Hi @gabrielfs2 , this is a good example of how knowing your data is crucial to describing the problem, and resolving. Without seeing your data we can only guess at the problem and the solutions provided will of course reflect those guesses.
On the face of it though, the new problem you have outlined is not insurmountable.
What you are looking for in database terms is a unique or “primary” key for the rows. The solution I provided is reasonably generic and involves the “rank” node grouping by one or more columns, and fortunately this can therefore be easily adapted to the new scenario.
Your initial data sample suggested that the primary key for your problem would be COD. Therefore the “rank” node in my uploaded workflow used “COD” as the grouping column.
If you have now determined that the combination of COD and START DATE together form the “primary key”, then change the RANK node so that it groups by COD and START DATE
With some different sample data as shown here, this would then handle those groupings
Of course, I can only once-again second-guess whether this will work for you with all of your data, and I’m going to now make the assumption that it is NOT unique on COD + START DATE.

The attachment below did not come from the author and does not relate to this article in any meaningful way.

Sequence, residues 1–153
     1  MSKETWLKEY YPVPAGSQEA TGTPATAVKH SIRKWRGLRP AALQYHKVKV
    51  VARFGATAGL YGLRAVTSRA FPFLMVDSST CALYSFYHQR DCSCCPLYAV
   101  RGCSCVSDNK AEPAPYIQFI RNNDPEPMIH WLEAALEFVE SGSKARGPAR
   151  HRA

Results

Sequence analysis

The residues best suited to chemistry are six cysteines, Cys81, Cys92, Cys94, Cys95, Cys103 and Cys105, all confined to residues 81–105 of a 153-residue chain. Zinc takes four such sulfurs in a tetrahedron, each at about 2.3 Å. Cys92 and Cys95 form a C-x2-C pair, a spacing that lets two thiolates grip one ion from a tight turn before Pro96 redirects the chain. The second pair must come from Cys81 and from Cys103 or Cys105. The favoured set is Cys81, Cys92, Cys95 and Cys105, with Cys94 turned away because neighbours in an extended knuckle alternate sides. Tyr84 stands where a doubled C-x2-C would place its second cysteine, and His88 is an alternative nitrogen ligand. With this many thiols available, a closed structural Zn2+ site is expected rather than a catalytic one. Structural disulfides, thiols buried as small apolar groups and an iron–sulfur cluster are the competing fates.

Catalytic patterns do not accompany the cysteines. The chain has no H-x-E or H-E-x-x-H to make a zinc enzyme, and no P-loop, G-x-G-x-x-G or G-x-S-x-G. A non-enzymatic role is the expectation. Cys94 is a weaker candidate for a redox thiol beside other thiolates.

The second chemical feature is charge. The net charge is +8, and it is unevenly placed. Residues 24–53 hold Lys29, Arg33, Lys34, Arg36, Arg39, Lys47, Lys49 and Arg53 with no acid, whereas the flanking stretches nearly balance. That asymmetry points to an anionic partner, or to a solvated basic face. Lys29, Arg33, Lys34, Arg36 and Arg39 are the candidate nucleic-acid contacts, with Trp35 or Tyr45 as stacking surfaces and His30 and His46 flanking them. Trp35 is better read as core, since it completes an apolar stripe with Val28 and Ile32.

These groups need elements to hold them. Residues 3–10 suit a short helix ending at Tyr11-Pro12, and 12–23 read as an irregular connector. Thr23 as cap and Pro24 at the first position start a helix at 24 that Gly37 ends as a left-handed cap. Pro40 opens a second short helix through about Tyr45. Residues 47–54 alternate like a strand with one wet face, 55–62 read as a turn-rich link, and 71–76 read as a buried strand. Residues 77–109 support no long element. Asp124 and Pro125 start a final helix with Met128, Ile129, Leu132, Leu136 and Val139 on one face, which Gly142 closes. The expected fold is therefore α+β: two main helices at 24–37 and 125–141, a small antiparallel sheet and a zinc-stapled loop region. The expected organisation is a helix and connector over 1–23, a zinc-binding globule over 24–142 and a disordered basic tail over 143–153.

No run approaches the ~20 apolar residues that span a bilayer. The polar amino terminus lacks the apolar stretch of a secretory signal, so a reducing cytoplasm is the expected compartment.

It is quite possible that it IS unique on COD+START DATE+END DATE in which case I could use all three as the grouping in the Rank node, but I’ll show you what to do if it isn’t.
i.e. what do you do when you discover that no combination of columns makes your data unique. Well in that case you might want to question why you have duplicate rows, and possibly remove them, but let’s say for the sake of argument this scenario is valid. If you haven’t got a “unique key”, then you need to MAKE one! Placing a unique key on every row is actually easy. Just use an additional Counter Generation node prior to the One-Row-to-Many node. (and for good measure maybe rename the counter column as “PrimaryKey”). You can then group by just this PrimaryKey in the Rank node.
Then even if your initial data is not unique by any combination, this flow will still work.
I’ve left the new “PrimaryKey” column in to demonstrate the point. You’d probably want to add that into the column filter at the end to tidy things up.
Fill in dates between- primarykey.knwf (59.0 KB)
[Edit - you can see from the two responses, both from me and @Adrix, the solution in both cases is the same: change the “grouping” so that it groups by something that uniquely identifies the row of data ]